LOS ANGELES (AP) — The outcome of a series of closely backed US home races in California that could take control of the chamber remained unclear on Friday as millions of ballots went uncounted in the nation’s most populous state.
More than a dozen races in the state remained in play, although only a handful were deemed close enough to go either way. It takes 218 seats to control the House of Representatives. Republicans had 211 suspended for a long time, Democrats maintained 199.
It could take days or even weeks to determine who gets the gavel next year.
Should Democrats fail to protect their narrow majority, Bakersfield Republican Kevin McCarthy would replace Speaker Nancy Pelosi of San Francisco.
In California, the key battlegrounds are Orange County — a suburb southeast of Los Angeles that was once a GOP stronghold but has become increasingly diverse and democratic — and the Central Valley, an inland section sometimes referred to as the nation’s salad bowl for its agricultural output referred to as.
One of the closest races pitted Democratic Rep. Katie Porter, a star of the party’s progressive wing, against Republican Scott Baugh, a former lawmaker, in an Orange County district roughly equally divided between Democrats and Republicans.
Returns showed Porter extending her narrow lead to 4,555 votes, or 51.2%, to 48.8% for Baugh. Porter’s lead had previously been around 3,000 votes.
In another close encounter in a Democratic district north of Los Angeles, Republican US Rep. Mike Garcia saw his comfortable lead over Democratic challenger Christy Smith slip slightly. Its margin stayed at 12 points, 56% to 44%.
Democrats have long dominated California’s congressional delegation, which will fall from 53 seats to 52 seats next year because population growth has stalled, though it remains the largest delegation in Congress.
In the current term, Republicans hold just 11 of the 53 seats in the heavily democratic state.
At an incomplete count, the Republicans have won six races so far and led in six others.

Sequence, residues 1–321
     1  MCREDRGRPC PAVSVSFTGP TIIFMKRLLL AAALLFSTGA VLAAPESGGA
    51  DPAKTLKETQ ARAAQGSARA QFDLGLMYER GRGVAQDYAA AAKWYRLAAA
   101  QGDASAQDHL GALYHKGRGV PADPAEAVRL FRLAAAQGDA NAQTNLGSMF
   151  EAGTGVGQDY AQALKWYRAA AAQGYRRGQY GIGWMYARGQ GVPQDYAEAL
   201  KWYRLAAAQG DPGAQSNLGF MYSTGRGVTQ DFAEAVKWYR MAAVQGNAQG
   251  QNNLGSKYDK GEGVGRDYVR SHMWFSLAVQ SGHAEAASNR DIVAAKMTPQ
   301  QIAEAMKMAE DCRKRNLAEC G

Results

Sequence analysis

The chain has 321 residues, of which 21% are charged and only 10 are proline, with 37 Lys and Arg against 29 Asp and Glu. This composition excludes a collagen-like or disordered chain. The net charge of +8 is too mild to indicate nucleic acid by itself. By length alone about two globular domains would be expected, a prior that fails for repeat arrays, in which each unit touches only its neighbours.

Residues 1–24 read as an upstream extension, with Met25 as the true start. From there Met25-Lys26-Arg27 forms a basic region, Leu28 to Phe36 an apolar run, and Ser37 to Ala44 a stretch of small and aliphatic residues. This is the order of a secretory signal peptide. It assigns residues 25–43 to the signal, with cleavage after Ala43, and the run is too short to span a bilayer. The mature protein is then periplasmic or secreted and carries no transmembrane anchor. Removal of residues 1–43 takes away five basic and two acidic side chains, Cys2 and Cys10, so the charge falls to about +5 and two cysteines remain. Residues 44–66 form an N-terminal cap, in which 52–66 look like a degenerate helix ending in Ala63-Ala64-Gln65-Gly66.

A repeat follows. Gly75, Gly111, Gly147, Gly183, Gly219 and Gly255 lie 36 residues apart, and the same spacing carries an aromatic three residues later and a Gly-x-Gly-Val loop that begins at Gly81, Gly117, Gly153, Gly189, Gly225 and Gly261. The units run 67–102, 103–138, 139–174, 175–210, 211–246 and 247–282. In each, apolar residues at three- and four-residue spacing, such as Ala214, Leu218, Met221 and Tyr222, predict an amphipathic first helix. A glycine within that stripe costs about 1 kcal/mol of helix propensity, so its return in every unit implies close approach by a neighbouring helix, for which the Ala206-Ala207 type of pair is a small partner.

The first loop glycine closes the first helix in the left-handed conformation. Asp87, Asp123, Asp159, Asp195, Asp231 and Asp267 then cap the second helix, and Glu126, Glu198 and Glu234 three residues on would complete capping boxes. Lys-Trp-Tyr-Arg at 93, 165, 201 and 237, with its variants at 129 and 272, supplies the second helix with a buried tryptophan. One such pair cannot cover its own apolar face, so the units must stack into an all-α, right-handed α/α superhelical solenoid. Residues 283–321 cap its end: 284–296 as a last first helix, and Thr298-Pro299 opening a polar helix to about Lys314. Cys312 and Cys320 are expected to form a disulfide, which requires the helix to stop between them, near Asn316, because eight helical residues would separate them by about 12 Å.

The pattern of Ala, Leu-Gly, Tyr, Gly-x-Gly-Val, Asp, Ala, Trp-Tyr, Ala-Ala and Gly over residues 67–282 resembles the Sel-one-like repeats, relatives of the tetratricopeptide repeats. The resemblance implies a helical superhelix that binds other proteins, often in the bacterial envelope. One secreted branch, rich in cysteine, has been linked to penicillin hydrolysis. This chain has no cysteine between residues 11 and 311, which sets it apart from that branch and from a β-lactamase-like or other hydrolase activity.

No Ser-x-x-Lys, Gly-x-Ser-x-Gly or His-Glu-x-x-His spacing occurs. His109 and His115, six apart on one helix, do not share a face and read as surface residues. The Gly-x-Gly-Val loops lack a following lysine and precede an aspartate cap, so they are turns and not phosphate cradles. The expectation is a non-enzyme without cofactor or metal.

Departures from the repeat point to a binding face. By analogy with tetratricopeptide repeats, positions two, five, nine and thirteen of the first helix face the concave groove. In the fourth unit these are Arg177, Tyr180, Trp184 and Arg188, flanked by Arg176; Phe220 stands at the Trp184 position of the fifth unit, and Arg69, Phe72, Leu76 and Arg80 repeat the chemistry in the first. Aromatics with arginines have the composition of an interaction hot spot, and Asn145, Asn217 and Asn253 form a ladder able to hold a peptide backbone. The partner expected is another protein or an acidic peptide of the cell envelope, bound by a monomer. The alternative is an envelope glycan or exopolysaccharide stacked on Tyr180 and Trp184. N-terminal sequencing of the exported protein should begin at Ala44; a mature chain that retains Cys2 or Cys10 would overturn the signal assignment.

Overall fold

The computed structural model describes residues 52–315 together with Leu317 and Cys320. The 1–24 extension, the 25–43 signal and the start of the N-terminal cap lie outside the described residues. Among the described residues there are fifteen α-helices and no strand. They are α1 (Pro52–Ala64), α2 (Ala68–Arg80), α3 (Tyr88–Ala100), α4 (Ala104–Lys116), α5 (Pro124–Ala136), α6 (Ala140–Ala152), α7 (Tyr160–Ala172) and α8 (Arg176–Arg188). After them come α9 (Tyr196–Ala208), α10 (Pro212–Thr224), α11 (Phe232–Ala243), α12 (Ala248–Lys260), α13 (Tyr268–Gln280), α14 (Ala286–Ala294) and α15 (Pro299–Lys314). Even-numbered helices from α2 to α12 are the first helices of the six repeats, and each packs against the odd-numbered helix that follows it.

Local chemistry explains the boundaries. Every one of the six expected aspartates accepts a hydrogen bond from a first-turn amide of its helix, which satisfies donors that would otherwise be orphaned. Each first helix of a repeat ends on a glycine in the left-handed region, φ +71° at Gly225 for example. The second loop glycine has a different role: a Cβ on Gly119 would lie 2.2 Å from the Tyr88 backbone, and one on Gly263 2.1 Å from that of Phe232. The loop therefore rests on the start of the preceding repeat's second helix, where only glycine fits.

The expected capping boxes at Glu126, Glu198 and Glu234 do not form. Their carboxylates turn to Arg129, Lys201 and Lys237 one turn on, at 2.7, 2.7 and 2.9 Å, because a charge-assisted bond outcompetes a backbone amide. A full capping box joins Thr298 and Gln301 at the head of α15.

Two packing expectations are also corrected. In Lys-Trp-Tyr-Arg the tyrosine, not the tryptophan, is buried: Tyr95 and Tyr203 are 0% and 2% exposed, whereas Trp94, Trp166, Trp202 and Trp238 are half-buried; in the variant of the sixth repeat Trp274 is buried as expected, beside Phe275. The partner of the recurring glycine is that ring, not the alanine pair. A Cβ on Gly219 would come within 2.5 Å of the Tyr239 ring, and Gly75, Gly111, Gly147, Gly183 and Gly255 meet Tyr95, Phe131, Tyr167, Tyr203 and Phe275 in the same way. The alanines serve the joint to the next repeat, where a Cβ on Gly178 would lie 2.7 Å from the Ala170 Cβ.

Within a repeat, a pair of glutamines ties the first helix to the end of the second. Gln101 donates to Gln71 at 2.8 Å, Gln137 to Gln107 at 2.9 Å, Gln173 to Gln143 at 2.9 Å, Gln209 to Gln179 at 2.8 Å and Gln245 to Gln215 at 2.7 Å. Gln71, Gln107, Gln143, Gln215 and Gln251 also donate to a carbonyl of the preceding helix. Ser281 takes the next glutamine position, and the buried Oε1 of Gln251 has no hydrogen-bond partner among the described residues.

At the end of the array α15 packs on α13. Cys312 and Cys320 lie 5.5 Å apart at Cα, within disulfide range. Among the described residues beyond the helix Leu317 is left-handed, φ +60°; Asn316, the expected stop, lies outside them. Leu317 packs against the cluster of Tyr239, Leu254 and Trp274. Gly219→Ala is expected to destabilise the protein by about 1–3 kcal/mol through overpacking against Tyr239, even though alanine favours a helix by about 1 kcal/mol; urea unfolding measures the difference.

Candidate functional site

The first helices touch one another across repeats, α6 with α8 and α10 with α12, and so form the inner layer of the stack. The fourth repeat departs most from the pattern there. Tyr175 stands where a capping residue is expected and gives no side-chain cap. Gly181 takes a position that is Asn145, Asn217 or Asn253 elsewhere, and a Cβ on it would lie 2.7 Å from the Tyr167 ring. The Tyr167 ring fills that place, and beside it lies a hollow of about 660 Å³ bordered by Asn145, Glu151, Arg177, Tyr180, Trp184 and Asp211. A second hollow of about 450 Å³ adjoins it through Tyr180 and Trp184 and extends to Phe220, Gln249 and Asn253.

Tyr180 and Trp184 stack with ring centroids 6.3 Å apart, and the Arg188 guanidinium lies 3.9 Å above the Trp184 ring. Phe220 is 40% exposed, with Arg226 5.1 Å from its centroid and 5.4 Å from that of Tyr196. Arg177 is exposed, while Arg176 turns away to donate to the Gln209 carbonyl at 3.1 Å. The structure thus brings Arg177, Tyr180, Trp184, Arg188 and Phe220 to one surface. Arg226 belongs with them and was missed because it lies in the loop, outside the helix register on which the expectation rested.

Democrats had victories in 30 seats and led in 10 other contests. In two of those races, only Democrats were on the ballot, meaning the party will retain control of those seats.
But a lot of uncertainty remained. As of Thursday, nearly 5 million ballots remained uncounted nationwide.
East of Los Angeles, Republican Rep. Ken Calvert retook the lead after trailing Democrat Will Rollins. With about half of the votes counted, Calvert had a 1-point lead. Calvert, first elected in 1992, is the longest-serving Republican in California’s congressional delegation.
In the Central Valley’s 22nd district, where about half the vote was counted, an update showed Democrat Rudy Salas taking the lead from Republican Rep. David Valadao, who voted to impeach then-President Donald Trump. The two will be separated by 5 points after Valadao had previously been more than 8 points clear.
In an embattled district anchored in San Diego County, Democratic Rep. Mike Levin saw his lead over Republican businessman Brian Maryott widen slightly. Levin has a 4-point lead with about two-thirds of the votes counted.
President Joe Biden was in the district in the final days of the campaign hoping to improve Levin’s chances.
Follow AP’s coverage of the 2022 midterm elections at https://apnews.com/hub/2022-midterm-elections. Learn more about the issues and factors at play in the midterms at https://apnews.com/hub/explaining-the-elections.